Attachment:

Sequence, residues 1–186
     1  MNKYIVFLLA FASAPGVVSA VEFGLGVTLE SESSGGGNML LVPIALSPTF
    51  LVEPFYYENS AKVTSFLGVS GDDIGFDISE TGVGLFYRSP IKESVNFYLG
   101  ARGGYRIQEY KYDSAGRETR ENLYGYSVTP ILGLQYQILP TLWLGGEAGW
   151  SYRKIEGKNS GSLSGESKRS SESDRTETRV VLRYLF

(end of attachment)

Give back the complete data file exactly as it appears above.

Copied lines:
Sequence, residues 1–186
     1  MNKYIVFLLA FASAPGVVSA VEFGLGVTLE SESSGGGNML LVPIALSPTF
    51  LVEPFYYENS AKVTSFLGVS GDDIGFDISE TGVGLFYRSP IKESVNFYLG
   101  ARGGYRIQEY KYDSAGRETR ENLYGYSVTP ILGLQYQILP TLWLGGEAGW
   151  SYRKIEGKNS GSLSGESKRS SESDRTETRV VLRYLF